Most irregular galaxies belong in the third category, which includes Magellanic-type irregulars and spirals (70, 72, 78, 233, 290, 292, 365, 366, 368) as well as a smattering of genetically related systems such as intergalactic H II regions (304, 312), amorphous galaxies (defined by 294, 300: blue galaxies with relatively smooth optical light distributions; a subclass of Irr IIs or I0s: 174, 321; also ``blue Es'': 104), or luminous, clumpy Irr galaxies (50, 51, 149, 150, 302). Hereafter, we limit our scope to the Magellanic galaxy family (and mainly systems that are not involved in obvious galaxy-galaxy interactions), which we refer to simply as Irrs.

The Irrs blend from lower luminosities smoothly into the spirals, as emphasized by both G. de Vaucouleurs and A. Sandage, and thus can be viewed as an extension of actively star-forming disk galaxies to lower densities and luminosities. Luminous members of the Irr family overlap with spirals in optical luminosity and are often preferentially selected in surveys for blue or emission-line galaxies (e.g. the G. Haro and B. Markarian surveys; see 208). Thus Irrs probably now comprise the bulk of known galaxies with dominant hot stellar populations. We close this section with Figure 1, which illustrates NGC 4449, a classical nearby giant Irr. In the remainder of this article, we discuss specific physical characteristics of Irrs that are structurally related to NGC 4449, with an emphasis on exploiting the Irrs as probes of evolutionary processes in galaxies.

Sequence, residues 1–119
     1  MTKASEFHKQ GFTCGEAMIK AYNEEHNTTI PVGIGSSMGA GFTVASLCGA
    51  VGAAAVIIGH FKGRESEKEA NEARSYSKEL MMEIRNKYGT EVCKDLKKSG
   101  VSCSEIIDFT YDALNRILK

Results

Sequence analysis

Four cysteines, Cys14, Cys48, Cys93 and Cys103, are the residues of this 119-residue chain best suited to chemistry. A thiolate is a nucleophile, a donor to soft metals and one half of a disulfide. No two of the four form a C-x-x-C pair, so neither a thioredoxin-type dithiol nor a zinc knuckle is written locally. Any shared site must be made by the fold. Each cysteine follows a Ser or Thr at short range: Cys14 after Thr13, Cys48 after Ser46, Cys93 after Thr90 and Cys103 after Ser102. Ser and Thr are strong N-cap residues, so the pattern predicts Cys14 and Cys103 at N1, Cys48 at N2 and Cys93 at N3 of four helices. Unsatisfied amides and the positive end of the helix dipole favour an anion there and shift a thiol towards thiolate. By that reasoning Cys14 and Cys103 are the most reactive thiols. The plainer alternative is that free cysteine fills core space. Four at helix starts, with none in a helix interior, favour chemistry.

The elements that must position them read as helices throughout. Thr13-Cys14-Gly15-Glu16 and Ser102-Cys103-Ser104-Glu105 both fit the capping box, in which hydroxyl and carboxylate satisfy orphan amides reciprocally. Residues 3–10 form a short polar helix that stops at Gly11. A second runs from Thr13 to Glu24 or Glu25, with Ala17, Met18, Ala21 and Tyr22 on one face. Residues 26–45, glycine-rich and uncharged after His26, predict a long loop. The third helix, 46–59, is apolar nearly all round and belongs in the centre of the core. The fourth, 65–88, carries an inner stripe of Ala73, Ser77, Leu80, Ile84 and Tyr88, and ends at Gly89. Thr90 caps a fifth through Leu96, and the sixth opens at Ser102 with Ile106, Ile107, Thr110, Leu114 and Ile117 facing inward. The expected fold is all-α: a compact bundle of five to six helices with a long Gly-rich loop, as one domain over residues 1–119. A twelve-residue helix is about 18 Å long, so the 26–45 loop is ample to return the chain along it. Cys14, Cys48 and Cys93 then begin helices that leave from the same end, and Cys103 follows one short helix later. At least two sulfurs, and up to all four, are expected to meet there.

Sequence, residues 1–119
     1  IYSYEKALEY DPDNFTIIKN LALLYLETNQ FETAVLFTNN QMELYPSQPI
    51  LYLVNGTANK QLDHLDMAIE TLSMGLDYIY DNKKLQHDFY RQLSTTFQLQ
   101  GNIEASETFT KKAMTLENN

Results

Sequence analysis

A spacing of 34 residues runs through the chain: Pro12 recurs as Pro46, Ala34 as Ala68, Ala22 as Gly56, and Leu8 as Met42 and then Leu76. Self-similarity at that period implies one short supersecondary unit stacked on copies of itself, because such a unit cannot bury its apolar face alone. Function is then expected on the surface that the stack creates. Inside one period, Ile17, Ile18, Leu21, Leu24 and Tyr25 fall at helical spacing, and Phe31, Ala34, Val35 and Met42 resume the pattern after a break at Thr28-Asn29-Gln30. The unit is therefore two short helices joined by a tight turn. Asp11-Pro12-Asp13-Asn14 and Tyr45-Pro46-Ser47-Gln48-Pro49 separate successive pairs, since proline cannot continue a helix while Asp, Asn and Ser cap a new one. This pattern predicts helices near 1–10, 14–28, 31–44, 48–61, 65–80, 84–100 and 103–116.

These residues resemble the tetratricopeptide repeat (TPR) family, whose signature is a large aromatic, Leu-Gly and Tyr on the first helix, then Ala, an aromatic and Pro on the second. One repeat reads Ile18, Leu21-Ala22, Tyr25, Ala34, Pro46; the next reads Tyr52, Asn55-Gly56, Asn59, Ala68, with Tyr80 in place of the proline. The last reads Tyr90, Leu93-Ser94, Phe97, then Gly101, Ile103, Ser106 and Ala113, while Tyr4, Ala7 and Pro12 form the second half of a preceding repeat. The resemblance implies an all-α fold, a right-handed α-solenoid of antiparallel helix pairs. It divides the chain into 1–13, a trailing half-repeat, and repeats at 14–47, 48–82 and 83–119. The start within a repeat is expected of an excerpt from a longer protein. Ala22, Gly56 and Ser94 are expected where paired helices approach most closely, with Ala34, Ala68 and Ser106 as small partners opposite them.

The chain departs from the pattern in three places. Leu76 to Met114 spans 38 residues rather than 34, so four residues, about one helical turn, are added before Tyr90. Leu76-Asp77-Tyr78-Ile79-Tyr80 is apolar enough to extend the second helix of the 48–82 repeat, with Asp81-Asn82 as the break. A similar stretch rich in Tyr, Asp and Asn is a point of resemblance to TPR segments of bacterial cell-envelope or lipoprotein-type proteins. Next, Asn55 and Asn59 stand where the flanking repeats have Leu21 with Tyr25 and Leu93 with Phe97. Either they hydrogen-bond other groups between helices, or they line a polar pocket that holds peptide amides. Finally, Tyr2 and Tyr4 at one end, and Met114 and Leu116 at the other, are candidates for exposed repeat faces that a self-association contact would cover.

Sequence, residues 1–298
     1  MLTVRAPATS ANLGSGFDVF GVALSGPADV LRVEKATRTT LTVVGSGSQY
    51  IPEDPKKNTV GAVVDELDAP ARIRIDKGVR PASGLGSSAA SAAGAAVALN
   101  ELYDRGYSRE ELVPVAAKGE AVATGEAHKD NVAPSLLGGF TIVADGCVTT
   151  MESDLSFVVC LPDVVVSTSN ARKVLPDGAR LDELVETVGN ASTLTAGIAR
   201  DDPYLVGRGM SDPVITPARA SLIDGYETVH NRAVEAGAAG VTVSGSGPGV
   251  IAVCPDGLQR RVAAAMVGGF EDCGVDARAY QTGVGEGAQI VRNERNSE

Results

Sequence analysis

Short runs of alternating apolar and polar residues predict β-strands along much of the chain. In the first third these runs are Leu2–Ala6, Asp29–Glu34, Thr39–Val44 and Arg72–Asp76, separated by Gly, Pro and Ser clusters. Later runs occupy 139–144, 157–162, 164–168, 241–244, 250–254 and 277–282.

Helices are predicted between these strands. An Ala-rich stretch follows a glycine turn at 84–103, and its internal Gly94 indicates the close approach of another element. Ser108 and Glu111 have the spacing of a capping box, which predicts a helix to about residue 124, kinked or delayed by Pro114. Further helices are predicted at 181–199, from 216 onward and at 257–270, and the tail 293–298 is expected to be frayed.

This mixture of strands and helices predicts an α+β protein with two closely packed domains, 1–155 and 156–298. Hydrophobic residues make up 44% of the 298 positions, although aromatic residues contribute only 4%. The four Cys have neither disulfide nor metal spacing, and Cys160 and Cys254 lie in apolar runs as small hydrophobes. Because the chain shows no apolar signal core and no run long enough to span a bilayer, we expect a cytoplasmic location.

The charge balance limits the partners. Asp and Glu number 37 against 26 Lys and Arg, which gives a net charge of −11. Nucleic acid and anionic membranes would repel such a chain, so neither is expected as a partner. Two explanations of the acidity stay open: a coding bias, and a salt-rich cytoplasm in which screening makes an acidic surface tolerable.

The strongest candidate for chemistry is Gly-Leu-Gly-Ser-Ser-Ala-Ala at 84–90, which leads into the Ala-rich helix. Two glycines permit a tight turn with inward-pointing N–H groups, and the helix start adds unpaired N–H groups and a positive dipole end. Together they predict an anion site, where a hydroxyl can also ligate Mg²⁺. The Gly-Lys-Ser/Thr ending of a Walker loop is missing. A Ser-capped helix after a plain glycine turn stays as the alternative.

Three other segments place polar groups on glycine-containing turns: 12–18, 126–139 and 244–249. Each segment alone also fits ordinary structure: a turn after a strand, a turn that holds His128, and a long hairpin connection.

Figure 1

Figure 1. Blue photograph of the nearby (D ~ 5 Mpc), giant irregular galaxy NGC 4449, taken for the authors by G. Lelievre with the prime-focus camera on the Canada-France-Hawaii 3.6-m telescope. The scale of this print is approximately 3" mm-1; north is to the upper right corner, and east is counterclockwise. The chaotic structure of this galaxy largely results from many bright star-forming complexes superimposed on a strongly barred, amorphous, older stellar background. A few dark nebulae (light regions on this negative copy) are also visible.